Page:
When NOMS launched a new EHR, eClinicalWorks, IT leaders focused on standardizing documentation, particularly for quality metrics the organization was tracking. “We’ve learned that it’s not just about documenting what you’ve done, but documenting it in a manner in which it can be easily extracted,” says Jennifer Hohman, MD, executive vice president.
This effort involved creating standardized templates and order sets within the EHR, as well as decision-support notifications. In addition, NOMS invested heavily in training all team members on the correct place to enter information.
Streamlining documentation. In the early years of EHR adoption, many hoped that the switch from paper to electronic records would reduce the documentation workload and improve efficiencies. Instead, documentation demands are rising, contributing to physician and nurse burnout rates. “We’re asking clinicians to do a lot more documentation, particularly around regulatory and billing [requirements], which has eroded hopes that we would achieve any time savings,” says Dworkin.
While healthcare organizations have little control over regulatory demands, they can try to reduce the total documentation burden by simplifying documentation when possible. For instance, when might clinicians check a box instead of typing paragraphs of explanation?
“Physicians, nurses, and other clinicians might get together and say, ‘What do we really need [in terms of documentation]? How can we take advantage of technology to streamline this?’” Gundling says.
Adopting a team approach to documentation can also ease the burden on physicians and other providers. “The provider is ultimately responsible, of course, but team members can help by gathering and entering the information for them,” Hohman says.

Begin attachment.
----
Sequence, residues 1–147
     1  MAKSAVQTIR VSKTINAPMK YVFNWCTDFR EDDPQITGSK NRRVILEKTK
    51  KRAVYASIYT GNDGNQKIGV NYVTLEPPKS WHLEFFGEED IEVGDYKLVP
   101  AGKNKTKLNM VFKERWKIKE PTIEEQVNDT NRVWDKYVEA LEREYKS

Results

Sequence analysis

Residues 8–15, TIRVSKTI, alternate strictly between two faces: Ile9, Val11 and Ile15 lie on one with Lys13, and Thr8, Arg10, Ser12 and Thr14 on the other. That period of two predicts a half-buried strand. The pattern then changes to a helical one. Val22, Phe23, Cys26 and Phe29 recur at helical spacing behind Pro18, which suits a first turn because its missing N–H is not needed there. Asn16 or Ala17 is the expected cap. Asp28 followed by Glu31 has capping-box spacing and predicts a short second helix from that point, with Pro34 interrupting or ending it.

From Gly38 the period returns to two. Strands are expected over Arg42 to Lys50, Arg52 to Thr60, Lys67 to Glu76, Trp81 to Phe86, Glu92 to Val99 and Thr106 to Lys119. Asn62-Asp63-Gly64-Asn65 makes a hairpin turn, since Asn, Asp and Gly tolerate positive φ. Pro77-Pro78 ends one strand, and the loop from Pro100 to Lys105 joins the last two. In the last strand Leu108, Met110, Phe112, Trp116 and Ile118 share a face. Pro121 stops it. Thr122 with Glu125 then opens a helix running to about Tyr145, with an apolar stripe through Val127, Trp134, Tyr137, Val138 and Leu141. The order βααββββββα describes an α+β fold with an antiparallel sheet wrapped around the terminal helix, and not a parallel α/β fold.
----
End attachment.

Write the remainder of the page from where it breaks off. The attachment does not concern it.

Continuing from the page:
Redesigning care and operations. EHR implementation and optimization offers an opportunity to drive clinical improvement, stresses Henry Ford Health System CIO Paul Browne. “The technology is a means to the end, where the end is higher-quality, safer care at a lower cost,” he says.
Before launching its Epic EHR in 2011, the Detroit-based health system brought together clinical and operational leaders from across the organization to identify opportunities for standardizing and improving practices and processes. “Then we built the EMR to enable those things,” says Geoffrey Patterson, vice president of clinical transformation. “We think of our EMR as a hammer we use in building our house.”
For instance, the EHR has helped Henry Ford clinicians reduce venous thromboembolism (VTE) cases, or blood clots, by 30 percent among inpatients. Evidence-based protocols, workflows and order sets for preventing and treating VTEs were embedded into the EHR with alerts to remind clinicians to follow these standardized practices. In addition, a VTE risk assessment model was built and automated to proactively notify clinicians of patients at risk of developing a VTE.
Henry Ford’s cross-discipline improvement approach has been key to the organization’s success. The 200-person team that collaborated on the health system’s EHR launch reported up through the COO’s office (not the CIO’s), and was made up of approximately two thirds clinical and operational staff and only one third technology staff. “The No. 1 key is to have clinicians very, very involved from the inception of these efforts, and thoughtfully placing clinical leaders in roles where they’re leading the effort,” Browne says.
Addressing usability. While meaningful use incentives helped drive EHR adoption, usability got sidelined as vendors rushed to build systems that complied with federal requirements. “You’re starting to see a lot of larger vendors dedicating a lot of time and energy to solving some of the challenges around usability and interoperability,” Newton says.